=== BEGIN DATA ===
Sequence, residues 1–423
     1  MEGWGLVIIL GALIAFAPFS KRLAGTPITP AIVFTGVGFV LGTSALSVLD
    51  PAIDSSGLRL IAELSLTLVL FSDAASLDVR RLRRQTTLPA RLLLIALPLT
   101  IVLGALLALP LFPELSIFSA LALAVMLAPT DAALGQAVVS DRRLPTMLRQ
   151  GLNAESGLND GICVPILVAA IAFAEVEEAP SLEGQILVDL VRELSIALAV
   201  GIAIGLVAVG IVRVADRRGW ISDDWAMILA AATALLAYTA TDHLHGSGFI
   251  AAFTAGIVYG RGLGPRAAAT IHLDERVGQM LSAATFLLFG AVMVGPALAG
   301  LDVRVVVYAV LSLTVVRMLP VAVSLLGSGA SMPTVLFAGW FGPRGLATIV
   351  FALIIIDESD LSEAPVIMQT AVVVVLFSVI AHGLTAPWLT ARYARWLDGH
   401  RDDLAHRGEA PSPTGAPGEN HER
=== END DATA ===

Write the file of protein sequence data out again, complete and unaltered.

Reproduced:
Sequence, residues 1–423
     1  MEGWGLVIIL GALIAFAPFS KRLAGTPITP AIVFTGVGFV LGTSALSVLD
    51  PAIDSSGLRL IAELSLTLVL FSDAASLDVR RLRRQTTLPA RLLLIALPLT
   101  IVLGALLALP LFPELSIFSA LALAVMLAPT DAALGQAVVS DRRLPTMLRQ
   151  GLNAESGLND GICVPILVAA IAFAEVEEAP SLEGQILVDL VRELSIALAV
   201  GIAIGLVAVG IVRVADRRGW ISDDWAMILA AATALLAYTA TDHLHGSGFI
   251  AAFTAGIVYG RGLGPRAAAT IHLDERVGQM LSAATFLLFG AVMVGPALAG
   301  LDVRVVVYAV LSLTVVRMLP VAVSLLGSGA SMPTVLFAGW FGPRGLATIV
   351  FALIIIDESD LSEAPVIMQT AVVVVLFSVI AHGLTAPWLT ARYARWLDGH
   401  RDDLAHRGEA PSPTGAPGEN HER